City passes plastic bag ordinance
To reduce the litter, waste, environmental impacts and expense of managing carryout bags, the City Council has approved an ordinance to regulate the use of plastic carryout bags in retail establishments. The new ordinance takes effect on June 1, 2017. Solid Waste and Recycling, Licenses and Community Services, Regulatory Services, and Health Department staff will report back to the Health, Environment and Community Engagement Committee by Jan. 31, 2017, with recommendations for implementing and enforcing the ordinance.
Key features of the ordinance include:
- Retail establishments may not provide plastic carryout bags to any customer.
- Retail establishments providing bags to customers may only use recyclable paper bags, compostable plastic bags or bags designed to be reusable multiple times.
- Retail establishments providing bags must charge customers at least 5 cents per bag. (Customers who receive food assistance are exempted from paying for a bag.) Retailers may choose to pay 5 cents per bag to a litter cleanup nonprofit in lieu of charging this fee.
Certain types of plastic bags will be exempt from the prohibition, including bags that come into direct contact with food, takeout food bags, and specialized types of bags, for instance for newspapers or dry cleaning.
Plastic carryout bags have significant impacts on the environment and waste stream. These impacts include litter, waste generation and the expense of managing them at recycling facilities.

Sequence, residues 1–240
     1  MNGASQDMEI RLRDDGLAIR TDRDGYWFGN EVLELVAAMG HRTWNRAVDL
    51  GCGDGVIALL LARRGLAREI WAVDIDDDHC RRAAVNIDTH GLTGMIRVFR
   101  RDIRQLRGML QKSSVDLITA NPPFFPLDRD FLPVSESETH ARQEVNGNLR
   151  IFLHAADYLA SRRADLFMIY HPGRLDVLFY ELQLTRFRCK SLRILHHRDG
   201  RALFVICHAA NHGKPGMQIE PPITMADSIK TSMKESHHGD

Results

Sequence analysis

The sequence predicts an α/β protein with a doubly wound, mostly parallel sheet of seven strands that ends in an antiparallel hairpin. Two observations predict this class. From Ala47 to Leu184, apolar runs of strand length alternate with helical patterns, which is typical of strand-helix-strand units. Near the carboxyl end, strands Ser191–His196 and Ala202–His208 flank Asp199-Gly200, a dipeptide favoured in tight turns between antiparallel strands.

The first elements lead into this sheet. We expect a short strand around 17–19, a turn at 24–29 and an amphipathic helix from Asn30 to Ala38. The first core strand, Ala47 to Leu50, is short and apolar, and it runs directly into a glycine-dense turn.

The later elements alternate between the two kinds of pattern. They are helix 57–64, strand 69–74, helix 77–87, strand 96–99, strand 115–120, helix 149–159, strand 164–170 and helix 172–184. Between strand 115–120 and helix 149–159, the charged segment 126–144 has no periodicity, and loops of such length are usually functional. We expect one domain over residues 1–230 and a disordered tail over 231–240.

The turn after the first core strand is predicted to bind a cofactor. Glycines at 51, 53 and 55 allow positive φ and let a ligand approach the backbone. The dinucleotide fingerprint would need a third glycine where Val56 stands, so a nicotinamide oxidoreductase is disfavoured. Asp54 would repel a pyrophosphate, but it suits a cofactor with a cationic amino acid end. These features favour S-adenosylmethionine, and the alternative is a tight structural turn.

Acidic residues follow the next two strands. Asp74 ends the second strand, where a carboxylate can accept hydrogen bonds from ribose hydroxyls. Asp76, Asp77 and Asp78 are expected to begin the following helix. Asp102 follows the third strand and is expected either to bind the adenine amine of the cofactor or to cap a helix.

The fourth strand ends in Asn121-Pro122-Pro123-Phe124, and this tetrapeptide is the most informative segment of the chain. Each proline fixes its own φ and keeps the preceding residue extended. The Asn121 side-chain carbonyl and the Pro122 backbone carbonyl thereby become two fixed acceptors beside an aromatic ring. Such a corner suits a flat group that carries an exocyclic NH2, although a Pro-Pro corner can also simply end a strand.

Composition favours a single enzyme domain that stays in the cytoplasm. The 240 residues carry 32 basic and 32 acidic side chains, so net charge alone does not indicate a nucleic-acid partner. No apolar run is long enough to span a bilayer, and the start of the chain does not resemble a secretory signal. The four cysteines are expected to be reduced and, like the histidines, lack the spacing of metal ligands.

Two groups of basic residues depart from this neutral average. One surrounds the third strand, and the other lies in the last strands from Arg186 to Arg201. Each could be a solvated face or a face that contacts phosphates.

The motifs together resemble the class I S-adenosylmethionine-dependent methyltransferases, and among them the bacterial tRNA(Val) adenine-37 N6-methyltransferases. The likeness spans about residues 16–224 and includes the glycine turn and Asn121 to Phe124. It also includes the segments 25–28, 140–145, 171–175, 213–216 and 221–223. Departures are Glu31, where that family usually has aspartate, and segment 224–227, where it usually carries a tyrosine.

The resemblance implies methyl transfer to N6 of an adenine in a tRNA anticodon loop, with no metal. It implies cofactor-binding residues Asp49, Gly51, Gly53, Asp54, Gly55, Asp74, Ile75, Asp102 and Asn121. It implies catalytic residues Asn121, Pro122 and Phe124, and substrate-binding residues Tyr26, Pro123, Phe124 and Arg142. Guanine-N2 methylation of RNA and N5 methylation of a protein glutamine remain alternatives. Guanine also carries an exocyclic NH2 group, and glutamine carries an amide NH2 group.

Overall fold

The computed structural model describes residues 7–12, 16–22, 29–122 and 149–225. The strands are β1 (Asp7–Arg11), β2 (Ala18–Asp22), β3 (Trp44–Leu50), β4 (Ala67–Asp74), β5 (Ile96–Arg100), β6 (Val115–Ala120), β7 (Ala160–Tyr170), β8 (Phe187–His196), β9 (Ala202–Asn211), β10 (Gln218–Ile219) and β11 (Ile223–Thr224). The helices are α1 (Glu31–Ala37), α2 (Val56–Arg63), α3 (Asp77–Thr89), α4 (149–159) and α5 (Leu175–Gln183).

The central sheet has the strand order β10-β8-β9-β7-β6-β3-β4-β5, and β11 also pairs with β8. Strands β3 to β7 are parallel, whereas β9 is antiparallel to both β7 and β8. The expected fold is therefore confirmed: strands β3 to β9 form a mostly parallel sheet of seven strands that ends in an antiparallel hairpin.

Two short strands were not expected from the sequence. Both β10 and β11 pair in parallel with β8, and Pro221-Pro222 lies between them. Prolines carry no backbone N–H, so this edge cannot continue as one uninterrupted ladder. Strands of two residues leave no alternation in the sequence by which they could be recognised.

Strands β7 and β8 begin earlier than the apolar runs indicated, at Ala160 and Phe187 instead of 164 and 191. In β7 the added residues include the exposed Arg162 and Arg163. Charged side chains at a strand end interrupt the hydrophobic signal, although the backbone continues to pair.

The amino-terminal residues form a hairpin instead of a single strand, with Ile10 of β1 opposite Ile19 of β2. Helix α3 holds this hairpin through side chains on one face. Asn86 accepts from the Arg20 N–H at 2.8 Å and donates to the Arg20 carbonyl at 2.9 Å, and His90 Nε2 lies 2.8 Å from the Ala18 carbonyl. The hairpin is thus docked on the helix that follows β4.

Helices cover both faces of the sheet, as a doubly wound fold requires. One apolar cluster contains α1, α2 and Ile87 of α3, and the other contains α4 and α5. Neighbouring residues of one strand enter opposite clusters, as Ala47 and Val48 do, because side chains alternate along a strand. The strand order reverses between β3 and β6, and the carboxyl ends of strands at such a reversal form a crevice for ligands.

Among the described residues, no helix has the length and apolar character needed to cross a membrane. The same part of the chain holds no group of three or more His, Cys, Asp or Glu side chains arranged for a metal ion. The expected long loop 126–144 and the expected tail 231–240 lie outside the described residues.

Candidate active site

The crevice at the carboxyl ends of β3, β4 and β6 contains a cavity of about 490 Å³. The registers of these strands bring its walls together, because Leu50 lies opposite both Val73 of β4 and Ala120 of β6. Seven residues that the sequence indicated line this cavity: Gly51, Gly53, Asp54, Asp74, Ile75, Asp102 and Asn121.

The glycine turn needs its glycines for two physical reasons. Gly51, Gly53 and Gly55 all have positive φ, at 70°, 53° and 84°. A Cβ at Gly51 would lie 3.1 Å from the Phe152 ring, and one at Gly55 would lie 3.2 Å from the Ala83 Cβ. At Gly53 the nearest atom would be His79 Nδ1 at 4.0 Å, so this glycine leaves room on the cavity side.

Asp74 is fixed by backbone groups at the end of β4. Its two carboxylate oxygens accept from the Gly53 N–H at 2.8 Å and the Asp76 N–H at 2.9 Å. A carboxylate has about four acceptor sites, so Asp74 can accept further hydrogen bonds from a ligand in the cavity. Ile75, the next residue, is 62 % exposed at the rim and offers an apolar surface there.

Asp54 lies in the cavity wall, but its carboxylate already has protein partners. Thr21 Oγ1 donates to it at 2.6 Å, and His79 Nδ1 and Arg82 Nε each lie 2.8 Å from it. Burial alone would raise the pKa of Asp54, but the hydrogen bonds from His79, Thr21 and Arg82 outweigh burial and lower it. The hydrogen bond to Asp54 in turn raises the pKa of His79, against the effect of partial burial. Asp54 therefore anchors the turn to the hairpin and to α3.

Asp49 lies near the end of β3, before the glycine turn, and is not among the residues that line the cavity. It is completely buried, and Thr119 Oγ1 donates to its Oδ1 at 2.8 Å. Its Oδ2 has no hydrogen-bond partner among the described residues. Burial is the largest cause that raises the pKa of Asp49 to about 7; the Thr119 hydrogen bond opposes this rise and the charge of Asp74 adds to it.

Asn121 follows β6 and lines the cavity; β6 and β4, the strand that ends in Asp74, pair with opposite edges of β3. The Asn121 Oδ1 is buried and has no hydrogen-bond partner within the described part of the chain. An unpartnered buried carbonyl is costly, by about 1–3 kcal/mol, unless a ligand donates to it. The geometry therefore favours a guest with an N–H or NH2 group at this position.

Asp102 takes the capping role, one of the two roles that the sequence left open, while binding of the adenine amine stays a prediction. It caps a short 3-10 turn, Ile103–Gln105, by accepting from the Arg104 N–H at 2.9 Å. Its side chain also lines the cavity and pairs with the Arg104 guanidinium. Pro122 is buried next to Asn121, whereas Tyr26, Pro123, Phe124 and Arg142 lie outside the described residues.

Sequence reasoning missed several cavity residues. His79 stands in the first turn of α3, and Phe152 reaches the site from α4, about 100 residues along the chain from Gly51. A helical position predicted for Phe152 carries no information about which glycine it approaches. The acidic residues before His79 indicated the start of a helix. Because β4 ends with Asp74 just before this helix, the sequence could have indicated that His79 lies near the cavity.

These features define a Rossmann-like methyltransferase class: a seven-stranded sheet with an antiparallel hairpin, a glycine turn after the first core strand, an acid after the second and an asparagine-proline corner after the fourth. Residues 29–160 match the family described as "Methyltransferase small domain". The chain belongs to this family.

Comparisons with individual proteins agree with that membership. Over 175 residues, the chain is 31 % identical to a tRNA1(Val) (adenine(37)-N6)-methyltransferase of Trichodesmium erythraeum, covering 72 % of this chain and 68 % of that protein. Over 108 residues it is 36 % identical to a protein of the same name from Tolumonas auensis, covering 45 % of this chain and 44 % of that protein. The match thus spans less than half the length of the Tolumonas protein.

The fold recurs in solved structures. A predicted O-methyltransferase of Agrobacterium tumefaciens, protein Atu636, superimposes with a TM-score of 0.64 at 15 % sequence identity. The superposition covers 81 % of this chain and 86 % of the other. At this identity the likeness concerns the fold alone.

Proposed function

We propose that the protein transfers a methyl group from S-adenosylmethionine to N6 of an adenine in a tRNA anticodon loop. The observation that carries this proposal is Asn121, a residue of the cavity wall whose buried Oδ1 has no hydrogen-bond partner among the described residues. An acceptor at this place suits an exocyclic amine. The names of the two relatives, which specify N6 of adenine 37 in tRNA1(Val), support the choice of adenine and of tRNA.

o In 2002, 50 to 80 million bags in the U.S. ended up as litter.
o Once plastic enters the environment, it never leaves; the pieces just become smaller and smaller.
- Waste production
o Minnesotans throw away 87,000 tons of plastic bags every year.
o In Minneapolis, most plastic bags end up in the downtown garbage burner.
o In the U.S., less than 5 percent of standard HDPE plastic bags are recycled while more than 49 percent of paper bags are.
o All bags require energy to make, create waste, and cause greenhouse gas emissions and air and water pollution.
o Plastic carryout bags create 9 pounds of solid waste, 18 pounds of greenhouse gas emissions and 2 pounds of water pollution per 10,000 uses.
o Plastic bags that end up in recycling facilities are not recycled.
Expense to manage
o Plastic bags wrap around sorting machines, requiring the sorting line to be shut down several times each day.
Many communities across the country and the world have adopted laws to address the impacts created by carryout bags. More than 160 U.S. cities have enacted carryout bag bans and/or fees, including Aspen, Colo.; Austin, Texas; Cambridge, Mass.; Chicago; Dallas; Los Angeles; Monterey, Calif.; Oakland, Calif.; Portland, Ore.; Richmond, Va.; San Francisco, Santa Fe, N.M.; Seattle and Washington. The state of Hawaii has banned plastic carryout bags. Many countries – including Bangladesh, Botswana, China, Ethiopia, Kenya, Rwanda and Somalia – have banned plastic bags, and many more countries have carryout bag fees.
The plastic bag ordinance helps move the City toward zero waste.
Published Apr 5, 2016